"My arm to me was what hands are to a concert pianist, what feet are to a marathon runner. It's what made me valuable. What gave me worth in the eyes of the world. Then suddenly, my arm was gone." Dave Dravecky
In the June 2010 issue of Romance Writers Report, Romance Writers of America's Librarian of the year, Jennifer Lohmann, said her favorite romances involve a tortured hero. "...bring down that duke with stroke in his 30s, ruin a painter's painting arm and take away his eye...give him a stutter, have his mother abandon him, his father hate him..."
When the hero you've created is tortured, just the right woman--your heroine--can come along and pull him out of the lowly depths to which he has sunk. Regardless of the obstacles, and what your hero has suffered, your heroine can restore him to the man he once was, only better. Don't you just love happy endings?
After I read Ms. Lohmann's quote, I started thinking about some real life tortured heroes. Sometimes, the torture can be self inflicted, through lapses in judgement, such as alcohol abuse or drug use. But sometimes, unavoidable circumstances can bring about life altering change.
Michael Phelps, star athlete and Olympic champion. We all know his story. With the world at his fingertips, Phelps made a rather pricey error in judgement. Once photos circulated of him indulging in an illegal substance, his multi-million dollar endorsements slipped right through his fingers and down the drain. Those Wheaties boxes featuring his picture were distributed to third world countries.
Ludwig van Beethoven, brilliant German composer and pianist, began to lose his hearing while still in his twenties. He ended up completely deaf, but despite this still continued to compose, conduct, and even perform. The cause of Beethoven's deafness is unknown, but it has been attributed to syphilis, lead poisoning, typhus, an auto-immune disorder, and even immersing his head in cold water to stay awake.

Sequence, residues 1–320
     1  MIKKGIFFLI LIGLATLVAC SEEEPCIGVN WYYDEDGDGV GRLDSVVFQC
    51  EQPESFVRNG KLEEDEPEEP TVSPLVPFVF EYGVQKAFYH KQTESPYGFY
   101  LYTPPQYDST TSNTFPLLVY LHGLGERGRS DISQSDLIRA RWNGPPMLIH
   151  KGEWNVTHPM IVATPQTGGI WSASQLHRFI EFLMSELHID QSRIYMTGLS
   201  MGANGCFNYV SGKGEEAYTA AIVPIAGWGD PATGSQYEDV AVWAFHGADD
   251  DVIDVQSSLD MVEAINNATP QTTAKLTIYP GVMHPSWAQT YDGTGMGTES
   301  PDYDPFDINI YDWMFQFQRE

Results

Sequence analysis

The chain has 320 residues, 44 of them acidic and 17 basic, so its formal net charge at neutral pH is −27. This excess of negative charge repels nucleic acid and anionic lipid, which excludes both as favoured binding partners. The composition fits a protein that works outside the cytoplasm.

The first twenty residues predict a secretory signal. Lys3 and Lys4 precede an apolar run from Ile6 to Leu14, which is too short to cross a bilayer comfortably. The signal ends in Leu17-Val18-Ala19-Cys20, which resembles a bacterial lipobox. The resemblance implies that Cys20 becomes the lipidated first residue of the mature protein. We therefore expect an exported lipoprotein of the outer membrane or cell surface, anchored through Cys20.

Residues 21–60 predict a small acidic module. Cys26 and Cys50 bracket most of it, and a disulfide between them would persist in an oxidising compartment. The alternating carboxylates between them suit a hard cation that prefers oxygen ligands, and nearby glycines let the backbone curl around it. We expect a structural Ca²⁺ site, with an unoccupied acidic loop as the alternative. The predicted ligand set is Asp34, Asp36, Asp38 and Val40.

Lou Gherig, the great baseball player from the 1920's and '30s, is remembered for his prowess as a hitter, his consecutive games played record, and his farewell to baseball at age 36. Then he was stricken with with a fatal neurological disease, amyotrophic lateral sclerosis, now known as "Lou Gherig's Disease." Motor function of the central nervous system is destroyed, but the mind stays in tact, and life is cut short. Gherig died at 38.
Dave Dravecky is a Christian motivational speaker. At one time, however, he was a major league baseball player. He's remembered for his battle against cancer, which ended his baseball career. After undergoing surgery to remove cancerous cells in his pitching arm, Dravecky began playing again. But the cancer returned. Eventually, his left arm and shoulder were amputated. After the first surgery Dravecky wrote a book entitled Comeback. He later wrote a follow-up, When You Can't Come Back.
While preparing this post I read Dravecky's encouraging and inspirational website, http://www.davedravecky.com/. I saw that he's written another book which examines how he coped with the amputation. As women, we don't understand that men see themselves defined by their careers. In The Worth of a Man, Dave says he felt stripped of his identity. He began to ponder many questions men ask themselves. Where does my worth come from? What creates my value and identity? Is there more to me than what was my career? After a long search, Dave discovered that his true worth could never be shaken by adversity or loss, and now he's inspiring others!
Sounds like The Worth of a Man is an awesome read that also offers insight into the soul of a real life tortured hero. A hero able to rise above adversity through faith, and his real life heroine wife, Jan.
What real life tortured heroes can inspire your writing?
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